The Brandy Library is a stately yet laidback, sepia-toned outpost, with leather furniture and shelves of whiskey, Cognac, and Armagnac stretching along four very long walls. On any given night, well-suited men rub elbows with young couples on first dates, and hipsters sidle up with questions for the bartenders regarding the pedigree of the various spirits. Flavien Desoblin opened the Tribeca bar in the fall of 2004 when the neighborhood was a cluster of mom’n’pop shops and old-school diners. Only three years after 9/11, the neighborhood was slowly chugging along at best. While development had stalled and the mood was somewhat somber, there were some exceptions: hip, champagne-centric Bubble Lounge’s popularity was growing, and neighborhood stalwarts like Mr. Chow, Nobu, and Bouley kept things moving along at a relative pace.
Fast-forward ten years, and the neighborhood is booming – it’s hard to walk a block without passing a new art gallery, chic eatery, or a trendy bar. And as the neighborhood sees more and more new development and growth, Desoblin (in a way only a bar owner could) has noticed development and growth in his neighbor’s drinking habits. Bartenders everywhere from Tiny’s and the Bar Upstairs in Tribeca to Soho’s Pegu Club are mixing whiskey cocktails and pouring high-end bourbons to eager and satisfied patrons.
If anyone can speak to the evolution of New Yorkers’ drinking habits and habitats, it’s Desoblin. And if there’s anyone who can speak to the whiskey boom and how the city has been swept up in its vortex, shifting from an old-school grandfather’s drink to the hipster’s preferred tipple, he’s the guy.
“People have learned the basics around whiskey, and now, people understand the differences among bourbons, single malt scotches and rye” he says. “I’ve been pounding people with that information since we opened. Now it’s established. There’s a greater understanding that whiskey isn’t something to be knocked back like a cowboy. It’s all about elegance after dinner now – or even before dinner.”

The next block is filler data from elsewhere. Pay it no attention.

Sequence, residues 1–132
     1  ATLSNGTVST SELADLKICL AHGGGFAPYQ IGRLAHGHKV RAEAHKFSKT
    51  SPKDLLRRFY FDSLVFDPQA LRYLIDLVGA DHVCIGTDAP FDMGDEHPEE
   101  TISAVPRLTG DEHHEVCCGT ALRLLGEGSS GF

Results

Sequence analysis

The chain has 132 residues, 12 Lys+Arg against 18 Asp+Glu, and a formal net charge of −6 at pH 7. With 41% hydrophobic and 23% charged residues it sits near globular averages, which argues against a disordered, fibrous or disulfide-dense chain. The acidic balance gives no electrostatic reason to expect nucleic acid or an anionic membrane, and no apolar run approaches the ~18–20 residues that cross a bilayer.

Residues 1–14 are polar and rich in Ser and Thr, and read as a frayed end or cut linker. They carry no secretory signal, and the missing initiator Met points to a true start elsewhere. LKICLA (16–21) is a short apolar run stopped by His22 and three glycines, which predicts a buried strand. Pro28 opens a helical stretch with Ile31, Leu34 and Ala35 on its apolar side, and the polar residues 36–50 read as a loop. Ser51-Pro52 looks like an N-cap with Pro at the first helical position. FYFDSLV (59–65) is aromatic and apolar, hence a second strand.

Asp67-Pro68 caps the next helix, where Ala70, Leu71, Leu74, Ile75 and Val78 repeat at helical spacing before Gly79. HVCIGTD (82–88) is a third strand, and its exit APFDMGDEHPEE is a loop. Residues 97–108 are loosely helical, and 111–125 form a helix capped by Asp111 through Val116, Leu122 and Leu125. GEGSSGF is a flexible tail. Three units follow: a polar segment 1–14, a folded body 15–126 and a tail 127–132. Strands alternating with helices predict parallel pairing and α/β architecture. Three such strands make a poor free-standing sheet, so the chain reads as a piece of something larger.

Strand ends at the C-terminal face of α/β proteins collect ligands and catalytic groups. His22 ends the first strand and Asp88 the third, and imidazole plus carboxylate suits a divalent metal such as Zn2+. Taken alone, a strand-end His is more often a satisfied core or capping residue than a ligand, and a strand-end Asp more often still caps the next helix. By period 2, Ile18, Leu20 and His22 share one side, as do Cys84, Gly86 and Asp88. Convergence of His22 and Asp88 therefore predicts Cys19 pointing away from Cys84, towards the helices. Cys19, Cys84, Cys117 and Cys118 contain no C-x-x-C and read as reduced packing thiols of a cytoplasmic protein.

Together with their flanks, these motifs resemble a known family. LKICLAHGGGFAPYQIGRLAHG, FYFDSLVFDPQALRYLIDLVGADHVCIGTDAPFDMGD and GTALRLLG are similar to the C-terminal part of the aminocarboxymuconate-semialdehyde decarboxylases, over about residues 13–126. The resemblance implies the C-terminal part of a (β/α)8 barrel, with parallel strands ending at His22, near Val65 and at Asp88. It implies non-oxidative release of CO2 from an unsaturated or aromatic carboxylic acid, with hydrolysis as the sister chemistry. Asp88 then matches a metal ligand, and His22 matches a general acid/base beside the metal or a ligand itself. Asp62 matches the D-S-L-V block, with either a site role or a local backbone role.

And the enthusiasm crosses demographics.
“Young professionals—I’d say 25 to 30 year olds—are not afraid to try new things. They’re reading articles, blogs. People are becoming more open-minded and adventurous. It’s amazing. Tuesday through Saturday, we have to turn people away.”
But perhaps more remarkable than seeing the interest in whiskey grow among average drinkers is the evolution of bourbon as a high-end, expertly made item, especially for a product that was once relegated to the backwoods and dirty saloons. To wit: according to the Distilled Spirits Council of the United States, a trade organization, sales of bourbon increased 20% from 2008 to 2013, with super-premium brands driving the growth. Desoblin has watched brands that were unheard of just a few years ago, like Pappy Van Winkle, Bulleit, and Widow Jane, rise to cult status. Here at Soho Grand, we’ve seen the obsession firsthand with our American whiskey program in the hotel’s Grand Bar, which includes carefully crafted whiskeys from around the country – a favorite of curious hotel guests and true whiskey connoisseurs alike.
“All kinds of whiskeys are fully part of enjoyment; they’re not just what CEOs and your grandpa drink,” says Desoblin. “It wasn’t as much before, but these days it’s a part of everyday life.”
– Liza Weisstuch